I have just spent my 50th birthday with a group of strangers in Kalamazoo, Michigan.

Well, most of them were strangers until two days ago, but by the time of my birthday on Saturday/Sunday (depending on which time zone you followed), most of them had become close friends.

The occasion was an “International Dialogue for Thoughtleaders in Journalism”, hosted by Images & Voices of Hope, an organisation that looks at the impact of public storytelling and public message making on society. It was hosted at the Seasons Centre for Renewal at the Fetzer Institute in Kalamazoo, one of the most restive places I have ever visited.

There were only 24 of us, each having made his or her mark in journalism in some way or other, including Pulitzer Prize winners and Nieman or Poynter Institute fellows, among many others. The participants have their roots in diverse places such as Trinidad and Tobago, Puerto Rico, Vietnam, Canada, India, Japan and, of course, the United States.

This was the third meeting of the group and the first that I attended, but I have had contact with various people in Images & Voices of Hope since 2003 when I attended one of their dialogues at Peace Village in New York State. In October 2006, I attended another dialogue at Peace Village where I received their Award of Appreciation for Print Media (for Media that Transforms the Public Space) in recognition of the “One City, Many Cultures” project that I initiated at the Cape Times.

I have always supported their vision of creating a better world through the use of the media. So when the invitation came for me to attend this conference, I had no hesitation.

I immediately accepted, and had to ask my daughter to postpone 50th birthday celebration that they were planning for me. I once attended a 50th birthday party which was held when the birthday boy (if that is politically correct term) turned 51, so I did not think this was a problem.

I was nervous, because turning 50 is supposed to be a big deal and you are supposed to spend it with your family and closest friends. Even though, I must admit, I felt more nervous about turning 40 than I am about turning 50. Maybe part of it has to do with the fact that I’m much more comfortable in my skin at the age of 50 than I was when I turned 40.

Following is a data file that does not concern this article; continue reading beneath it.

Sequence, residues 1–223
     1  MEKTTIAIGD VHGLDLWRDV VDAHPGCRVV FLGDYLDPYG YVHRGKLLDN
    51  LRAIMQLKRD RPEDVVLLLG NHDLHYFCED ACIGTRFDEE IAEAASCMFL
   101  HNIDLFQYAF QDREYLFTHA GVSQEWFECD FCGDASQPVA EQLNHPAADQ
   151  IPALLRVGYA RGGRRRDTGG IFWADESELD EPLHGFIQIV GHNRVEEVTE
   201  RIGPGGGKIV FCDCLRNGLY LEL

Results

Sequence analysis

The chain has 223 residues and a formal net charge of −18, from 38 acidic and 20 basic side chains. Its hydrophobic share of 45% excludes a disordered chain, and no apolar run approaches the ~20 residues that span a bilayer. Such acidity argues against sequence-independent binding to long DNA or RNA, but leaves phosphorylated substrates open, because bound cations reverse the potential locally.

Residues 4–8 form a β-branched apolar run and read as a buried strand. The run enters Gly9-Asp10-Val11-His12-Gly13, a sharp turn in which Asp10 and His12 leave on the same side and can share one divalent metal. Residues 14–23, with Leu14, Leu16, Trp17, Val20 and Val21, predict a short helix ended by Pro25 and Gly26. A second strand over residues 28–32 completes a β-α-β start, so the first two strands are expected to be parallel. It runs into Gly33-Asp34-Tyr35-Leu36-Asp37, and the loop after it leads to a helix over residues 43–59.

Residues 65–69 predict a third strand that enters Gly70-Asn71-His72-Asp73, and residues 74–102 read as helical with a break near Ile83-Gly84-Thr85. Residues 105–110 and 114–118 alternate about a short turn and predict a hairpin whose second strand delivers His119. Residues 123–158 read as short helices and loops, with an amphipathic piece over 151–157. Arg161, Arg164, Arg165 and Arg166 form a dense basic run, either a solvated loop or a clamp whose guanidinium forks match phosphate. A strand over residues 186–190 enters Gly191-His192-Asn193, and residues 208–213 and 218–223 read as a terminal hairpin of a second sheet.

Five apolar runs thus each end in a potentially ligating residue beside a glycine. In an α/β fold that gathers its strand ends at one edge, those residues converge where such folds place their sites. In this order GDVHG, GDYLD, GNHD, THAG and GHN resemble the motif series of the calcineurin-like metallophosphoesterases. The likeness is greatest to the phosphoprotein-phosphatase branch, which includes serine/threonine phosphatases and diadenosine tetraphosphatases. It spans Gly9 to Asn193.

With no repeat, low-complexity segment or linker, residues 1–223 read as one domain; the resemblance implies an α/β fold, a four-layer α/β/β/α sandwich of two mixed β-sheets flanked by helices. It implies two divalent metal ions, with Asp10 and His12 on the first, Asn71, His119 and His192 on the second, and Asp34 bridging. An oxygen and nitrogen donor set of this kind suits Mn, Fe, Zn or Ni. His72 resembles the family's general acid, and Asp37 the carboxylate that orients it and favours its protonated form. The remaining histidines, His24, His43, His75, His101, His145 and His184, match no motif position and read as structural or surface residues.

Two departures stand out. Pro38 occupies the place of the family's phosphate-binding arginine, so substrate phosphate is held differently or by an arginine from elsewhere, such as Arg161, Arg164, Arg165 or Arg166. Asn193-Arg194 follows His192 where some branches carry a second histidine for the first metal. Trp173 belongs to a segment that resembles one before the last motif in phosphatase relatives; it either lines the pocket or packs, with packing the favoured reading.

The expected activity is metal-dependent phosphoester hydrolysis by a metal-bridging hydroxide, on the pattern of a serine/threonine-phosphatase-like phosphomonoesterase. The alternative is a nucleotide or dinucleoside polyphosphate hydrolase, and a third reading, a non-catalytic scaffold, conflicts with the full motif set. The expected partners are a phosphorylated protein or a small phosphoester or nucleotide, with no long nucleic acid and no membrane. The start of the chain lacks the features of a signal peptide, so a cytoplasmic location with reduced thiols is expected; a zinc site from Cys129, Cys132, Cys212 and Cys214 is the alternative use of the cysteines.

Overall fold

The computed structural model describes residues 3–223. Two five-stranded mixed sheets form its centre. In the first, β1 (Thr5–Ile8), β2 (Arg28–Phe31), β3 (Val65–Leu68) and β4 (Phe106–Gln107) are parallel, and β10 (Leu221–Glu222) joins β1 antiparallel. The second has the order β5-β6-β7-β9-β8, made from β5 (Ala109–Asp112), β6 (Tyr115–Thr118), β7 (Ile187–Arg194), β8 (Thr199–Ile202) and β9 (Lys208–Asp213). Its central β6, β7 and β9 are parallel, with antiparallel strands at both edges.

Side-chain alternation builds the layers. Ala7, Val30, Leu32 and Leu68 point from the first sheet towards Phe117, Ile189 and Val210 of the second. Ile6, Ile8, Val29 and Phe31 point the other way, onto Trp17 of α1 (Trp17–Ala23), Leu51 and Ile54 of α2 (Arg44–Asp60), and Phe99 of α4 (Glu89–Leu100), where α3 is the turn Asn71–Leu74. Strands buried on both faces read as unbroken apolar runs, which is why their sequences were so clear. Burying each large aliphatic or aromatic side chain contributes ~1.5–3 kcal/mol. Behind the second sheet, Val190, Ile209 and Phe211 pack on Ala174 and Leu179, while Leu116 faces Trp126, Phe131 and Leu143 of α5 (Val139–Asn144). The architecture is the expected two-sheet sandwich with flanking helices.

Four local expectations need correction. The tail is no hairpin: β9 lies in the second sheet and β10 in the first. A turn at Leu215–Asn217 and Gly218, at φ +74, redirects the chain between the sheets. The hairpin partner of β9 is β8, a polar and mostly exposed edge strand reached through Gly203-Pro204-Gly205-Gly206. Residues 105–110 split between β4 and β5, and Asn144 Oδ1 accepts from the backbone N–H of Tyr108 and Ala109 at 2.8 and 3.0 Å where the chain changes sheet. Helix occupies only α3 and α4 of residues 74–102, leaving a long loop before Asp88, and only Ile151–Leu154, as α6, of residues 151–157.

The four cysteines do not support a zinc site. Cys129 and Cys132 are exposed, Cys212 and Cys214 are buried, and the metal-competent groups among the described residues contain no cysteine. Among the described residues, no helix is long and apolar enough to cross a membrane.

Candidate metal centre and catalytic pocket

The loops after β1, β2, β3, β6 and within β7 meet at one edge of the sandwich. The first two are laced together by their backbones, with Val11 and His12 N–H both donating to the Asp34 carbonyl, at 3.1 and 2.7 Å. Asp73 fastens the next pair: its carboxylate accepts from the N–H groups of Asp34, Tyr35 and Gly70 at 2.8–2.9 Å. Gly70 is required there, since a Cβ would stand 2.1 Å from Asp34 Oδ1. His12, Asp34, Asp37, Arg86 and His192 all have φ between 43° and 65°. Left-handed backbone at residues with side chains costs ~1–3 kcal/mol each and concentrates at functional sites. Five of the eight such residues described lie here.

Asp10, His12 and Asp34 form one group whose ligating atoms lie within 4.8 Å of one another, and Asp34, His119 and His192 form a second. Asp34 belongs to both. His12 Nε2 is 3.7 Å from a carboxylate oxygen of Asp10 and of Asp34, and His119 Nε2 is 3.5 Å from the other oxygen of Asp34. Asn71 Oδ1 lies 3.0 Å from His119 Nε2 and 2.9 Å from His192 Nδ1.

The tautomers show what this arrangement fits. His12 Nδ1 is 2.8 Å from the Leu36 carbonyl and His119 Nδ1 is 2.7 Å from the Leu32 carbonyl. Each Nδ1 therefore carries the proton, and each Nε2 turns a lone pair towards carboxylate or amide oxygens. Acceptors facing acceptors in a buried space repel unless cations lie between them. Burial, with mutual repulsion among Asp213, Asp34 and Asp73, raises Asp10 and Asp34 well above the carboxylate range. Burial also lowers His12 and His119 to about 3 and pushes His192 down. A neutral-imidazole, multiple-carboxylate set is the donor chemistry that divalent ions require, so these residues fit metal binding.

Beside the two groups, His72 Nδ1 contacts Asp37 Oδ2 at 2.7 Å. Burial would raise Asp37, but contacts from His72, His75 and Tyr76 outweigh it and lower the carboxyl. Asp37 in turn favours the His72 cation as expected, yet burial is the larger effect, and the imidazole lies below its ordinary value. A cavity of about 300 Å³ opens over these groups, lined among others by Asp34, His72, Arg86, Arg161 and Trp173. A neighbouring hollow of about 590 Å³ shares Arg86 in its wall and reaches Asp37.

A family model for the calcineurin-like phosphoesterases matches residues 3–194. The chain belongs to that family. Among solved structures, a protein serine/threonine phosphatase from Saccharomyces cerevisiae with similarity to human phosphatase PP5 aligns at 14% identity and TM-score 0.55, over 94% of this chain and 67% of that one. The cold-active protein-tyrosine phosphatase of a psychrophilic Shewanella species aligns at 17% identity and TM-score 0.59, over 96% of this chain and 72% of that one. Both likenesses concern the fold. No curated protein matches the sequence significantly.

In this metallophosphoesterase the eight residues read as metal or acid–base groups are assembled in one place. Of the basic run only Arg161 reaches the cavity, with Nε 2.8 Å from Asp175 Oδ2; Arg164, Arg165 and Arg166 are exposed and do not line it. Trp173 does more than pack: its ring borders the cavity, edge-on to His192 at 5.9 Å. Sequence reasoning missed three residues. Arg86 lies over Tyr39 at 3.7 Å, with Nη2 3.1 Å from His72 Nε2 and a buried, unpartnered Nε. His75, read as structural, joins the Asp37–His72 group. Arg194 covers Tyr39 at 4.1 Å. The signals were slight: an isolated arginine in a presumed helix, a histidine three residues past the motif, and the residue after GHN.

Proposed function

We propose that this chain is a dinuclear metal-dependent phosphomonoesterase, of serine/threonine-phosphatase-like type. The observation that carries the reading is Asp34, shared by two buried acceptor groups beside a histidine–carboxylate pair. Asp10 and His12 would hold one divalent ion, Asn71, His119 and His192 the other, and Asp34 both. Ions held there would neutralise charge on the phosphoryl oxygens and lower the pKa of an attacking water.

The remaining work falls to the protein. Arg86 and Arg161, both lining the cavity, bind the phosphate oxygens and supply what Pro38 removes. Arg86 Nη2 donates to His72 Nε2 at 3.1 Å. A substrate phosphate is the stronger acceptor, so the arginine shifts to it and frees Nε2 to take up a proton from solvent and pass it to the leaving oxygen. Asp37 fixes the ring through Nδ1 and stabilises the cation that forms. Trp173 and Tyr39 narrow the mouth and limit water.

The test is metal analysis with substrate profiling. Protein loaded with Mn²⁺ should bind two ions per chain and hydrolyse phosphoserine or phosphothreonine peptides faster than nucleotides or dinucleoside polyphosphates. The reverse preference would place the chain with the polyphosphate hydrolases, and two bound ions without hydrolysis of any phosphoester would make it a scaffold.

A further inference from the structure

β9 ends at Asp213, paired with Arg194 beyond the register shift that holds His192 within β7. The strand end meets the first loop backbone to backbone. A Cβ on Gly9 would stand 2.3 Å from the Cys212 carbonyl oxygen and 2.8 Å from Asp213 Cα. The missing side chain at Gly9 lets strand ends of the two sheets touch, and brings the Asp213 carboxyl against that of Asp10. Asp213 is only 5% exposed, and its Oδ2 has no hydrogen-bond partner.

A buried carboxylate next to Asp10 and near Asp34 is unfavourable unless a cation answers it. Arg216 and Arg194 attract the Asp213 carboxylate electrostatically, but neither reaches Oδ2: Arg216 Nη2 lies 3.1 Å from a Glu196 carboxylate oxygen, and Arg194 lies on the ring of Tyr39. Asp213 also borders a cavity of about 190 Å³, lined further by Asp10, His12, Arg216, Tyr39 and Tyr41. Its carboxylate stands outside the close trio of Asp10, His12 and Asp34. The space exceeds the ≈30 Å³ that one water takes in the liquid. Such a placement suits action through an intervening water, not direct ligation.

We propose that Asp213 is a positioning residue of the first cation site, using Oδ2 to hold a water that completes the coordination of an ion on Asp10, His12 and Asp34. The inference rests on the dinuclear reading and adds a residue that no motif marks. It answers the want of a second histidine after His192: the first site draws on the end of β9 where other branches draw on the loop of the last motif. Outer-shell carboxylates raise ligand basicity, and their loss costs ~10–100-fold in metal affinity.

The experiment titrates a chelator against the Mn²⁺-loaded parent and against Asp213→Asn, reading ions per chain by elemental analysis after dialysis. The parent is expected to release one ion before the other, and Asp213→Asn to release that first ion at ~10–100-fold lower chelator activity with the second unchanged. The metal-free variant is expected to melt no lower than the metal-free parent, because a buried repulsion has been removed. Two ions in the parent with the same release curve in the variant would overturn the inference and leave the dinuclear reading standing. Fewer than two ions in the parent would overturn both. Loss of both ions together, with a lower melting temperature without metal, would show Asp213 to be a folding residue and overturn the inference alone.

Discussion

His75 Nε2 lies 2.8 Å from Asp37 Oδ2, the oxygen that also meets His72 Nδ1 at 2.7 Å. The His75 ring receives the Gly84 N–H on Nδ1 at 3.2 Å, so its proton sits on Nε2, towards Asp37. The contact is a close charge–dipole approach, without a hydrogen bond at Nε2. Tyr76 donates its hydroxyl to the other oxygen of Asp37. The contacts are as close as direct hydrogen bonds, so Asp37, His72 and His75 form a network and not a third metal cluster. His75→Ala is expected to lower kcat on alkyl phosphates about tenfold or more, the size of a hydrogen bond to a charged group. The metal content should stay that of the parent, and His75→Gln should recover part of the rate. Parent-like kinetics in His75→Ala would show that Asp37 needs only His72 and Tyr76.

But from the minute I met the conference organiser, who fetched me at Grand Rapids’ Gerald Ford International Airport, I knew that I had made the correct decision to sacrifice a birthday at home for a birthday with strangers.

The welcome I received on Thursday night, along with the four other people who attended for the first time, made me feel at home immediately. And over the course of Thursday night, Friday and Saturday, we discussed our concerns about an industry which all of us love and we shared some very intimate and special insights.

We talked about our values and intentions in journalism and we debated whether it was appropriate or even advisable for journalists to advocate causes. We even made some time for meditation and writing in our journals. I, and all the others at the conference, felt completely at home and felt that we could raise concerns we have never raised elsewhere before.

In the end, I felt this is where I belong, among close friends with whom I have so much in common, even though I had not met most of them until a few days ago.

They even sang Happy Birthday on Saturday night and bought me a very big and calorie-laden cake, but I suppose that is the way things get done in the US. Everything has to be big.

So while I missed my family and friends in South Africa, I found some new friends in Kalamazoo, a place I did not even know existed until a few weeks ago.

Thank you, my new friends, for making my birthday special. I have a feeling that many of you will still be in my life when I turn 60.


  • Ryland Fisher is former editor of the Cape Times and author of the book Race. This is his second book, following on Making the Media Work for You, which was published in 2002. He is executive chairperson of the Cape Town Festival, which he initiated while editor of the Cape Times in 1999 as part of the One City Many Cultures project. He received an international media award for this project in New York in October 2006. His personal motto is "bringing people together", which was the theme of One City Many Cultures. It remains the theme of the Cape Town Festival and is the theme of Race. Ryland has worked in and with government, in the media for more than 25 years, in the corporate sector, in NGOs and in academia. Ultimately, however, he describes himself as "just a souped-up writer".


Ryland Fisher

Ryland Fisher is former editor of the Cape Times and author of the book Race. This is his second book, following on Making the Media Work for You, which was published in 2002. He is...

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